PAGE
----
Year in review: Clovis selects first female mayor

CNJ staff photo: Liliana Castillo After being elected mayor in March, Gayla Brumfield said she was “excited and speechless, which is unusual for her.”

By Kevin Wilson: CNJ staff writer

The biggest indication that 2008 would be a year of change for Clovis was an event that happened with plenty left on 2007’s calendar year.

That’s when then-Mayor David Lansford announced in early November he would not seek re-election after 12 years as Clovis’ mayor.

And with that, 2008 became a year for a bridge to the next generation of leadership in Clovis.

Later, it became a year with a different type of bridge changing the city’s priorities — the Hull Street overpass.

Six candidates filed in a jam packed mayoral race. It was the first time in Clovis history the public could vote without an incumbent on the ticket.

Gayla Brumfield, who finished second to Lansford in 1996, was the clear choice with 1,941 votes, nearly 700 more than the runner-up, retired Lockheed Martin project manager Rube Render. She was the city’s first female mayor.

“I’m so happy and blessed to be the new mayor of Clovis,” Brumfield said after the votes were tallied March 4 at City Hall. “I’ll probably rest tomorrow, then I’ll be ready to go.”

Other candidates included Curry County Commissioner Tim Ashley, medical entrepreneur Rudy Kumar, longtime Clovis resident Mario Martinez and retired railroad employee Gloria Wicker.

• Also victorious: Sunday alcohol sales. By a slim 2,966-2,298 margin, Clovis voters allowed Sunday sales in bars and restaurants —package sales were still banned on Sunday. Proponents said the city would gain gross receipts and keep people from driving to Lubbock. Critics said another day of alcohol sales would increase the crime rate and send the wrong message to youth.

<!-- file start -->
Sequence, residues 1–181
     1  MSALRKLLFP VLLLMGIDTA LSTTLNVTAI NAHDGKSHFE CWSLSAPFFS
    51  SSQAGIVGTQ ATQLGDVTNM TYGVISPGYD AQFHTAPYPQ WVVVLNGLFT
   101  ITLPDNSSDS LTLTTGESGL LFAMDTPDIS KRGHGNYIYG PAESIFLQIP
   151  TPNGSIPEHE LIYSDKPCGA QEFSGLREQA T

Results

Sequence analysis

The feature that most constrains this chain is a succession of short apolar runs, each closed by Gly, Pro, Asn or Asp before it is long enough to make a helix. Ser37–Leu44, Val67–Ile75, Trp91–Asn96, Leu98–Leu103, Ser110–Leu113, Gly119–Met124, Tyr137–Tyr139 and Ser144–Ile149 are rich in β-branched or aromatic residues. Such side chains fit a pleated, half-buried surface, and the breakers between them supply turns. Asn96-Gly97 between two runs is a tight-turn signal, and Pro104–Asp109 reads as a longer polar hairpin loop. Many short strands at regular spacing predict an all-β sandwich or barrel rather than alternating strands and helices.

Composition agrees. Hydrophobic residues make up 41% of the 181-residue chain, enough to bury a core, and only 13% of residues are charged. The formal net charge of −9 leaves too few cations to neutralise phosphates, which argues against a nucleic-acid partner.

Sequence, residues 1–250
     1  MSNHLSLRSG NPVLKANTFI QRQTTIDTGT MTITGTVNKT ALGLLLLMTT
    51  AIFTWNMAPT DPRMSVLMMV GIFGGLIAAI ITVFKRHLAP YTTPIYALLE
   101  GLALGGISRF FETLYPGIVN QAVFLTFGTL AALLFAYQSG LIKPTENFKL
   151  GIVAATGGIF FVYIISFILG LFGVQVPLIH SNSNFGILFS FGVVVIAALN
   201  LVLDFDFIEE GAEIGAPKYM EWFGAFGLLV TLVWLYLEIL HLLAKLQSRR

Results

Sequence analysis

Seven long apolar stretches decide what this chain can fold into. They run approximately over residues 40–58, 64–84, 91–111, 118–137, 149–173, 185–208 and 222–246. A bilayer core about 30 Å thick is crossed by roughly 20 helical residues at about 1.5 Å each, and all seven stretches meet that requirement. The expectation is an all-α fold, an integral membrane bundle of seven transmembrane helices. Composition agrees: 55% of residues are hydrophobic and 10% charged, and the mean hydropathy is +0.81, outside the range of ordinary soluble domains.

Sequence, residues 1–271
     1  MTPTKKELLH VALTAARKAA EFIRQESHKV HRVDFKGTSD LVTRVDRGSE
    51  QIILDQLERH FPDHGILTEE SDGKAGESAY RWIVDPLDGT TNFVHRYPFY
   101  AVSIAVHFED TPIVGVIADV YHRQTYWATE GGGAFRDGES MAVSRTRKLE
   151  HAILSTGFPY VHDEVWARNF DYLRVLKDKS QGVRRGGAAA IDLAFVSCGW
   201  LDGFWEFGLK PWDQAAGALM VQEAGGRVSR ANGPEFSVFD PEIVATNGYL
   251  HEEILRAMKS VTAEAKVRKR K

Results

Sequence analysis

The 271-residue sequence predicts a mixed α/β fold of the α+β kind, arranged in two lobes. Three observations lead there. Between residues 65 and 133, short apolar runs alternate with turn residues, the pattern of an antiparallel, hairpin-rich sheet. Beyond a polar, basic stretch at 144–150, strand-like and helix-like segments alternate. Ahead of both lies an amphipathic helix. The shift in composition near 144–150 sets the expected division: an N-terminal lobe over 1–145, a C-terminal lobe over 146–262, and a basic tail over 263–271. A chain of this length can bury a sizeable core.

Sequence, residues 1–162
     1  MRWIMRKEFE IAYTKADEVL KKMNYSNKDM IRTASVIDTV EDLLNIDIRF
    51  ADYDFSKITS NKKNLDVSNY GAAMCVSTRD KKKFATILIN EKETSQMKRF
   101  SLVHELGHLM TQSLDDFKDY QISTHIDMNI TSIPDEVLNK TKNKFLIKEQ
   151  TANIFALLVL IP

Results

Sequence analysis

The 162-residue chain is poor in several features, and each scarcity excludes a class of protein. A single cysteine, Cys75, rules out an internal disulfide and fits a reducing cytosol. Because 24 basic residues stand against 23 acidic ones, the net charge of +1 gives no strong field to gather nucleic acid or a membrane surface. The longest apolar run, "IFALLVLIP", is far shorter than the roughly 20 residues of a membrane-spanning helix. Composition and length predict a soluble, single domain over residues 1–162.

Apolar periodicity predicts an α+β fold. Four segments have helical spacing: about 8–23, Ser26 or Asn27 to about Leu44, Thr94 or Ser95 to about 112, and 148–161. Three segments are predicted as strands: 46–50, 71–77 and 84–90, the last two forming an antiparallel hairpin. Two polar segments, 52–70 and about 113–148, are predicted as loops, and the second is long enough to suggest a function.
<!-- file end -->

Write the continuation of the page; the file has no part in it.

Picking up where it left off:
• Brumfield and the city commission didn’t have to wait long for a contentious issue to arrive. The city was approached in July by Animal Protection of New Mexico to switch its animal euthanization methods from a carbon monoxide chamber to lethal injection.

Members of APNM said the state would be mandating the switch in the 2009 Legislature, and wanted to help the city make an advance transition.

The majority of city commissioners did not think the switch was worth the cost or carbon monoxide was less humane than injection. The measure failed 4-3.

• Another contentious issue spilled into 2008 — the proposed Clovis Ethanol plant. ConAgra Foods withdrew its application for an air quality permit in January, citing volatility in the fuel market.

Residents living near the proposed location were concerned about air pollution, and unsuccessfully lobbied the company to pick a place far outside the city.

“My thought is it’s a shame that they chose this location,” said Frank Dottle of Concerned Citizens of Curry County, a group working to move the plant elsewhere. “I don’t think any one of us was against the ethanol plant.”

• Much like 2008, the city will enter 2009 with a big event from the previous year setting the agenda. The Hull Street Overpass was closed by the city in July based on a state engineer report concluding the structure was unsafe for traffic.

The overpass has since been torn down. City officials are hoping the Legislature will be able to provide part of the estimated $7 million to $9 million cost to replace the structure.

Dozens of business owners have asked the city for a quick solution, as the closure made their shops an inconvenient trip. City officials have also stressed to legislators the delay caused to emergency crews.

On average, City Manager Joe Thomas said at December’s legislative breakfast, it takes an emergency vehicle an extra six minutes to respond to south Clovis without the overpass.